When Makenzie Leigh fell into acting, she fell hard. The 25-year-old Texas native was taking a fiction-writing class at New York University when she was told that her characters existed more on the page than they did in real life. “I wasn’t sure how to fix that,” she recalls. So Leigh took an acting class to help with her writing. Ultimately she was the one who ended up jumping off the page—landing an agent and instantly creating a slew of distinctive onscreen characters.
The actress has already attracted terrific buzz for her latest film, this month’s James White. In the searing drama, she plays a young woman drawn to a troubled, volatile man (Girls‘ Christopher Abbott). “I can relate to her insecurity,” Leigh says of the character. “Always feeling like you don’t have the right thing to say, choosing to remain quiet rather than open your mouth and prove yourself.” About half of her dialogue was improv. “I hated it so much at the time,” she says, “but I’ve been dying to do it again ever since we stopped shooting. I guess I’m a masochist.”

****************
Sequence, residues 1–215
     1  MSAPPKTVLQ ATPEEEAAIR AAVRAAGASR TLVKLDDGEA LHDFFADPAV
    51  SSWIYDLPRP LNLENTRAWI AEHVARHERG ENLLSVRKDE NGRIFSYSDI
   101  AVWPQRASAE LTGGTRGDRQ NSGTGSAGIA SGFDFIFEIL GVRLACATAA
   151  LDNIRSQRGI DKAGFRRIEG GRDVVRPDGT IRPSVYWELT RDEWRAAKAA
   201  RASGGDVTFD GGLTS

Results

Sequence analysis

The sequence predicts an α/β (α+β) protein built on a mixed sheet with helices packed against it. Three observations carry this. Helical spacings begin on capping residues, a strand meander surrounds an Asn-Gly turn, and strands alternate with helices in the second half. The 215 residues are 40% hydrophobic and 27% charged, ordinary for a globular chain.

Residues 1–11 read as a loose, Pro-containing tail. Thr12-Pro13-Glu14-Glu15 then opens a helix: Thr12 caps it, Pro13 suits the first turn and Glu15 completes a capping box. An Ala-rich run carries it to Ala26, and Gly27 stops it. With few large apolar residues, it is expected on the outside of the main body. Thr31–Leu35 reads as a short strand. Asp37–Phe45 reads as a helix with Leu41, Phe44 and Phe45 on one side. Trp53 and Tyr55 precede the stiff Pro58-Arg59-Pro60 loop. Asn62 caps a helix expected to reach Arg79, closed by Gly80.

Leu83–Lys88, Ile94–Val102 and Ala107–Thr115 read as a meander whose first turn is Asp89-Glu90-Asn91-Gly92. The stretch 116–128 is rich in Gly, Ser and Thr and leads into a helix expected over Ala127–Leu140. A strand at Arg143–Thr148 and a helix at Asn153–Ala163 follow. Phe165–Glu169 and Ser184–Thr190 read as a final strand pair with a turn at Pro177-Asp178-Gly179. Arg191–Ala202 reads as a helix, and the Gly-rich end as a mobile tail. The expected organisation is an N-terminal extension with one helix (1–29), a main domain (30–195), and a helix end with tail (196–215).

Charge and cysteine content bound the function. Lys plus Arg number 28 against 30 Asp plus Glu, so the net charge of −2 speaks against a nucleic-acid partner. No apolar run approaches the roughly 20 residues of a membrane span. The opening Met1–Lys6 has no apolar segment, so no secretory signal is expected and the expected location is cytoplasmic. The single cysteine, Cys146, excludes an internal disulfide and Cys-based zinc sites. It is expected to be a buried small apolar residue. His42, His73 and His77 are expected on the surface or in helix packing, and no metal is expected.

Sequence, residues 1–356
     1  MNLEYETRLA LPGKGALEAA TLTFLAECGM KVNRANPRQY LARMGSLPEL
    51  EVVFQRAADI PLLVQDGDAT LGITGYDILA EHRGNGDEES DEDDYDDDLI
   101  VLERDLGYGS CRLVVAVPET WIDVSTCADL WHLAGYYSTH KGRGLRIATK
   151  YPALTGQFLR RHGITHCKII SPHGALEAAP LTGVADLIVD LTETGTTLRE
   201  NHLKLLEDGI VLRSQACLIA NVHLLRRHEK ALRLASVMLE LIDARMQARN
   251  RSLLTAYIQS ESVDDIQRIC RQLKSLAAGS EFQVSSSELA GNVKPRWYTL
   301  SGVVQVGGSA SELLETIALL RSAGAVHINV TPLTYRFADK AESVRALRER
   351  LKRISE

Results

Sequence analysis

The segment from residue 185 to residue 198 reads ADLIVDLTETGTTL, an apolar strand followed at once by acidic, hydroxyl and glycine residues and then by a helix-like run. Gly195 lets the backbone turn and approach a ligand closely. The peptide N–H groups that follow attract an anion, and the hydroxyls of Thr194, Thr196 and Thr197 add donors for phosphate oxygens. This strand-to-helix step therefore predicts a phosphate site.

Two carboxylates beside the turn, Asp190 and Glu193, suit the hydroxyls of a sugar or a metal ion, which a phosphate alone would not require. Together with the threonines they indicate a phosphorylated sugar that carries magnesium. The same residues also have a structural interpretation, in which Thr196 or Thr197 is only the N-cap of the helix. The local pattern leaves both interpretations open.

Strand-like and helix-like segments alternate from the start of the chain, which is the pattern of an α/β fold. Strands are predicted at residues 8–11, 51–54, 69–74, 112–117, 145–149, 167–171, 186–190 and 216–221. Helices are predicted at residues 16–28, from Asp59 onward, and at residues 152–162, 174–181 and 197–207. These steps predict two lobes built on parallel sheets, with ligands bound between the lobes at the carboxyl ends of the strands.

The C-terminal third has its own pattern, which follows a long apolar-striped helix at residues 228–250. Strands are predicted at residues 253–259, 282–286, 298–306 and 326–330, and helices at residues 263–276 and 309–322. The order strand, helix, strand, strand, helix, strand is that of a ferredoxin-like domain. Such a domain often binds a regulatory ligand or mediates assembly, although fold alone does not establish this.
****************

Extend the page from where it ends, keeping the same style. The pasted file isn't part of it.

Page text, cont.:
Leigh has already proven herself in a number of juicy TV parts, including Gotham (as an ill-fated chanteuse), The Slap, and The Good Wife (as a rape victim who is jailed for tweeting about her accuser). Her next role is in Ang Lee’s war drama Billy Lynn’s Long Halftime Walk, in which she plays a Dallas Cowboys cheerleader. “That has been the experience of my life so far. I love her,” says the proud Texan. “She’s very religious and has a light to her. She’s not a skeptic. She believes in love and light and God—she’s everything I’m not.” Still, some of the anxiety of creating characters in fiction spills over into her new life. “I always have a bit of mania when I’m performing, that I’ll never quite be able to play her,” she says. “If you’re a writer, you can always edit. With acting, you have that day to do it, and if it sucks, too bad, it’s there. But I love that feeling. I’m addicted to it.”